Edge Memory Usage Improvements are Coming to Chrome Too

Posted on June 18, 2020 by Paul Thurrott in Google Chrome, Microsoft Edge with 12 Comments

Yesterday, Microsoft revealed that the new Edge uses up to 27 percent less RAM when running on Windows 10 version 2004. But the underlying improvement comes from Windows 10, not the browser. And it looks like Chrome users will soon benefit from this as well.

“With Windows 10 [version 2004], Microsoft Edge has leveraged the Windows segment heap memory improvements now available for Win32 applications to manage memory more efficiently,” Microsoft’s Kim Denny explains. “Early internal testing results of devices on [Windows 10 version 2004] are showing a memory usage reduction of up to 27 percent when browsing with Microsoft Edge. Individual device performance will vary based upon configuration and usage, but the lower memory usage is expected to create a better experience.”

As Chrome users well know, high memory/resource usage is the number two issue with the browser, right behind the fact that it is inherently designed to be a privacy-leaking sieve designed to appease advertisers. But this problem, at least, will soon be partially solved, albeit only for those users running the browser on Windows 10 version 2004 or newer.

“Adding a SegmentHeap entry to the chrome.exe manifest will tell recent-enough versions of Windows (20-04 and beyond) to opt chrome.exe into using the segment heap instead of the legacy heap,” a Google Chromium commit says, in reference to the technical change that now benefits Microsoft Edge. “Details are in the bug but it appears that the default Windows heap is tuned for server workloads where throughput is what matters most, and Chromium (especially due to its multi-process architecture) also has to care about memory footprint. Experiments with per-machine opting-in to the segment heap for chrome.exe suggests that this could save hundreds of MB in the browser and Network Service utility processes, among others, on some machines. Actual results will vary widely, with the greatest savings coming on many-core machines.”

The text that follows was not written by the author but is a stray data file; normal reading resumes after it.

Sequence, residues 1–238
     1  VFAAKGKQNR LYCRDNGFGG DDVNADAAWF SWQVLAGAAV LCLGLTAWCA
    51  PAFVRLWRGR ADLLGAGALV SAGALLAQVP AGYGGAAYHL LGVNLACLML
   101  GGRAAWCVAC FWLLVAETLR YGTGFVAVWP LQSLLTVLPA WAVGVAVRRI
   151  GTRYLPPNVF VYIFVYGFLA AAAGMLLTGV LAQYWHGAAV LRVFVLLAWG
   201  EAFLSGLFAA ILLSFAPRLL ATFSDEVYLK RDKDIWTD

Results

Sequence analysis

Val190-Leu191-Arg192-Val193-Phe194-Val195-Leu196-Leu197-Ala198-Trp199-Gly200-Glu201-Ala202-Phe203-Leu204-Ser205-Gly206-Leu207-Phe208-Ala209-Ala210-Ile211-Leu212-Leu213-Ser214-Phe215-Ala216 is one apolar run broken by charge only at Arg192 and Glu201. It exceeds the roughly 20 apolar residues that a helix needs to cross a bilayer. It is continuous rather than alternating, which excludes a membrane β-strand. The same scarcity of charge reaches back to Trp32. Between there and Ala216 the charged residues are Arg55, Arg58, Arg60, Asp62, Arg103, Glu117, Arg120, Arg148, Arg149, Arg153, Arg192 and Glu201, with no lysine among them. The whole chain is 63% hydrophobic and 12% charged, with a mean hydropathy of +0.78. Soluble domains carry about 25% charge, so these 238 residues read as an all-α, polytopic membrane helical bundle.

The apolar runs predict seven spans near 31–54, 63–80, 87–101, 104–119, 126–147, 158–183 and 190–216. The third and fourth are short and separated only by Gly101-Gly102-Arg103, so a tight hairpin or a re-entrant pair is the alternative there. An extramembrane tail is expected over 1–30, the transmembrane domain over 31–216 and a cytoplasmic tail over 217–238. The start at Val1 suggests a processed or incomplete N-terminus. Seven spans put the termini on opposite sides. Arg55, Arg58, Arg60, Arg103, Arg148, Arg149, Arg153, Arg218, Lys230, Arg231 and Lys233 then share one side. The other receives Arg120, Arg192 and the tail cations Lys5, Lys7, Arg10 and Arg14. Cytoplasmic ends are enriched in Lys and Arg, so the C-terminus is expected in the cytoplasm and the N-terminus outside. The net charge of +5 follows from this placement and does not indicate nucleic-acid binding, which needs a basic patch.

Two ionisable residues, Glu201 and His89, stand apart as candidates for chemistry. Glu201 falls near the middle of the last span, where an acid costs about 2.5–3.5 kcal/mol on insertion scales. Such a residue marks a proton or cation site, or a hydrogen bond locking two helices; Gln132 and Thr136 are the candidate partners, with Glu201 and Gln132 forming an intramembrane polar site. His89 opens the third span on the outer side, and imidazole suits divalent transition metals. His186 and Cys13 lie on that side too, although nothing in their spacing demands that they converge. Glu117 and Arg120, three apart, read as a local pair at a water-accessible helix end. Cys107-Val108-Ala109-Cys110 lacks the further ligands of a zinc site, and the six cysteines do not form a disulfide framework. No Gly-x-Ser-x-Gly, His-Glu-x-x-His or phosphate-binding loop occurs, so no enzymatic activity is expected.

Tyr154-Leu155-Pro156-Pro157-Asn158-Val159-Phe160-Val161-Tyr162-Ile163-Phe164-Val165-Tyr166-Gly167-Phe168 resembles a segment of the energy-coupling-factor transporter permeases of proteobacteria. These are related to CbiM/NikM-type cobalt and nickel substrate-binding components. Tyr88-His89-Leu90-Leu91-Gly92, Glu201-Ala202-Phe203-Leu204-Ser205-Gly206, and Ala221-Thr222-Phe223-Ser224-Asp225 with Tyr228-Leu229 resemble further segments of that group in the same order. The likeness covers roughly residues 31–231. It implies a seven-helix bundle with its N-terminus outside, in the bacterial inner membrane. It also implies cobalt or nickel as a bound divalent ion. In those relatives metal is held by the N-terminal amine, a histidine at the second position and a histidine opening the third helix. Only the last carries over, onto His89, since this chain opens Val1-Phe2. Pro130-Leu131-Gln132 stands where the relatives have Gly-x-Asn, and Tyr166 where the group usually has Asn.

So, yes, this should benefit any Chromium-based browser, I believe.

Either way, don’t use Chrome. You should be using any other browser instead, and my recommendation is Microsoft Edge.

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